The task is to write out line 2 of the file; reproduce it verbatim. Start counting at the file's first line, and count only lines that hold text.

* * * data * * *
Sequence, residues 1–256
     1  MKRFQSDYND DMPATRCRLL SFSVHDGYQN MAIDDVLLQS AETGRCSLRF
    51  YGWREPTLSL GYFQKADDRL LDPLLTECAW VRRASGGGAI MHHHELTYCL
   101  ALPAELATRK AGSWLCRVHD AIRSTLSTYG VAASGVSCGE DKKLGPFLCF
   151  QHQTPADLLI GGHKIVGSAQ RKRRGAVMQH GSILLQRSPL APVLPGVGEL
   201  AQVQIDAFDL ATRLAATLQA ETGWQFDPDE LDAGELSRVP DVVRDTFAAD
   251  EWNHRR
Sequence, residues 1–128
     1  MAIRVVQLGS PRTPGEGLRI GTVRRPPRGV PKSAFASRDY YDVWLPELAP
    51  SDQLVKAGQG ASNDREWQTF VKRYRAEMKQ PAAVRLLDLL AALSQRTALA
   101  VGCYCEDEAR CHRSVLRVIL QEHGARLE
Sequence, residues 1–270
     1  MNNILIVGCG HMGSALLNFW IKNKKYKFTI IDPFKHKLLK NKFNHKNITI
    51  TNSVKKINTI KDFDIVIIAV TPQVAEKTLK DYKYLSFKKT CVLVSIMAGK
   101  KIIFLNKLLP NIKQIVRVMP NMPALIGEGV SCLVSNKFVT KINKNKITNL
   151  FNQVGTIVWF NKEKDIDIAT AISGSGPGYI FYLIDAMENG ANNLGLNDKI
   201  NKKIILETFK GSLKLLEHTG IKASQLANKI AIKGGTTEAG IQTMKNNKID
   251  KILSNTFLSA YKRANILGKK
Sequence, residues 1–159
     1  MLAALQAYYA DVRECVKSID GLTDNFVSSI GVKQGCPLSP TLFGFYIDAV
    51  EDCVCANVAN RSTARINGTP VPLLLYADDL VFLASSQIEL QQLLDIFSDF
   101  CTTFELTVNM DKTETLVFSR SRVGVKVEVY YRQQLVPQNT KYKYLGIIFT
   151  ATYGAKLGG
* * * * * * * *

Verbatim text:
     1  MKRFQSDYND DMPATRCRLL SFSVHDGYQN MAIDDVLLQS AETGRCSLRF